iPad testing for manual dexterity. Courtesy of Dr. Richard A. Rudick

In some instances, the device was superior to a human tester. For example, with respect to how well a test distinguishes MS from healthy control, "for virtually every case, except the visual test, the iPad actually does a little bit better than the technician," said Dr. Rudick.

As for how well iPad or the technician measurements correlated with patient reports, that seemed to depend on the dimension. There was some correlation with certain lower-extremity patient reports, but not some upper-limb reports.

Dr. Rudick noted that the processing speed test correlated with just about everything except cognition. "MS patients don't recognize their cognitive dysfunction as a symptom they would call a cognitive problem," he explained. He added that the literature shows that cognition correlates better with depression than actual cognitive performance.

Easy to Use

The technology was well accepted. Patients found the applications were easy to understand and to use. "They said that completing the test on the iPad using a touch screen was easy, and they didn't have difficulty wearing the iPad for balance and walking," said Dr. Rudick.

Patients with MS, however, were more likely than healthy controls to find that the testing caused fatigue. "The way I interpret this is that it just reflects that patients have fatigue and can only tolerate so much testing," said Dr. Rudick.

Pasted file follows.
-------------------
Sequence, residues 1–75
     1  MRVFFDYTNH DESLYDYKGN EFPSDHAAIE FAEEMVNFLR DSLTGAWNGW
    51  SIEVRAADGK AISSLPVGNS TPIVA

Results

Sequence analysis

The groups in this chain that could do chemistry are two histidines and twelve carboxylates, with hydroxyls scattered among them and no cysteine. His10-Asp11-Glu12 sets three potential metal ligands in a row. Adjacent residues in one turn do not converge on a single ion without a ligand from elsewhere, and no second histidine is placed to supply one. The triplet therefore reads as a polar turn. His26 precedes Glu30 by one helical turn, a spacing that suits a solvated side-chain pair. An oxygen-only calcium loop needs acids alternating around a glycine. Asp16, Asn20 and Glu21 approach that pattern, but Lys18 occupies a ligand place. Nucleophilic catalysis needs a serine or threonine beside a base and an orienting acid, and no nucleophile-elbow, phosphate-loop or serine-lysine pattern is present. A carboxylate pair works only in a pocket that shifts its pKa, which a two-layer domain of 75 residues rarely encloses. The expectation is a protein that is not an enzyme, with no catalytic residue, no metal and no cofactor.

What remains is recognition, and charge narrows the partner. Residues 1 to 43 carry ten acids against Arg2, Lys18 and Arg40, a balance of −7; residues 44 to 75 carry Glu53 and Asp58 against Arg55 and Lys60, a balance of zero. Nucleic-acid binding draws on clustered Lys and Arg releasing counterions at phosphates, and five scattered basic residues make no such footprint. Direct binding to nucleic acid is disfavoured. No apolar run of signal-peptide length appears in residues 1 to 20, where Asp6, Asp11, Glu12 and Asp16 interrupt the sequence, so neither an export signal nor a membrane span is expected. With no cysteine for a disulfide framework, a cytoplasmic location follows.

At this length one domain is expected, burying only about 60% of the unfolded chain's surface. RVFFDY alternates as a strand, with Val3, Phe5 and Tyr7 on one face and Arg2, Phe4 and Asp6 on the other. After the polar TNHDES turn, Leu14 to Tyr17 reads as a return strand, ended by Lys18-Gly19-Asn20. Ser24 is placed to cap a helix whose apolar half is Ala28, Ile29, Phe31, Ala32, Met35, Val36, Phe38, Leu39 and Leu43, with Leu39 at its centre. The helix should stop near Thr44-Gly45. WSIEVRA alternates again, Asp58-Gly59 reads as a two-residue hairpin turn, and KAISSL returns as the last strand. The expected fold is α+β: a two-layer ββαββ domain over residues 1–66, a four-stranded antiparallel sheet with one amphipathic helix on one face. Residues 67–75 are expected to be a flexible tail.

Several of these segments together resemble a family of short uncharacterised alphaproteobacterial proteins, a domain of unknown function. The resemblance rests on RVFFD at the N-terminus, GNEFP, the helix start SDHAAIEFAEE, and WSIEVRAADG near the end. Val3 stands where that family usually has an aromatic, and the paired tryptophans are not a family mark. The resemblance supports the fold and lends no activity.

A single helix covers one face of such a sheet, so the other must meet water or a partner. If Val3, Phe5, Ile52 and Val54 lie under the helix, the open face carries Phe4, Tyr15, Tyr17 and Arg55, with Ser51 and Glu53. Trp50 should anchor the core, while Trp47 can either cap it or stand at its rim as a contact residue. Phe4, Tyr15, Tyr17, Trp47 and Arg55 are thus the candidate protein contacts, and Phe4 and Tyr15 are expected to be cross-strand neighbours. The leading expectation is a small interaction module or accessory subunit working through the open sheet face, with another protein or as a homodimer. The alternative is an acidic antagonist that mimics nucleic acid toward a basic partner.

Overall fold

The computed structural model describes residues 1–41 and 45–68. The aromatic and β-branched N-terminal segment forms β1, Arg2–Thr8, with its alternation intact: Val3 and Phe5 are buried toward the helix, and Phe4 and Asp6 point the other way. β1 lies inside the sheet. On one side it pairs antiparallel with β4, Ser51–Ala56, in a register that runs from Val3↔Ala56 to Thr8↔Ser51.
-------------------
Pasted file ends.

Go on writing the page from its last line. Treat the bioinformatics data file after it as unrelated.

The technology has several implications. The data can be transferred wirelessly to the "cloud" and scored instantly, enabling automatic entry into research and clinical databases. "You could theoretically send this right to the doctor at the time of the testing so he or she can see it, and at the same time send it to a research database," said Dr. Rudick.

This should reduce errors because there's no transcription of data, he added. "Whenever a human transcribes data there will be some error rates" which are estimated at about 1% or 2%.

The iPad data collection could lower costs of testing, too, because it lessens the need for extensive quality control of data and for human input. "If this can be transformed into a completely self-administered test, which we're working on right now, you don't need the technician," said Dr. Rudick.

"Nobody has the money for a technician to test their patients in practice," Dr. Rudick added in an interview with Medscape Medical News. "Also, a single technician can test a single patient, one at a time; with the iPad, several patients could test themselves simultaneously."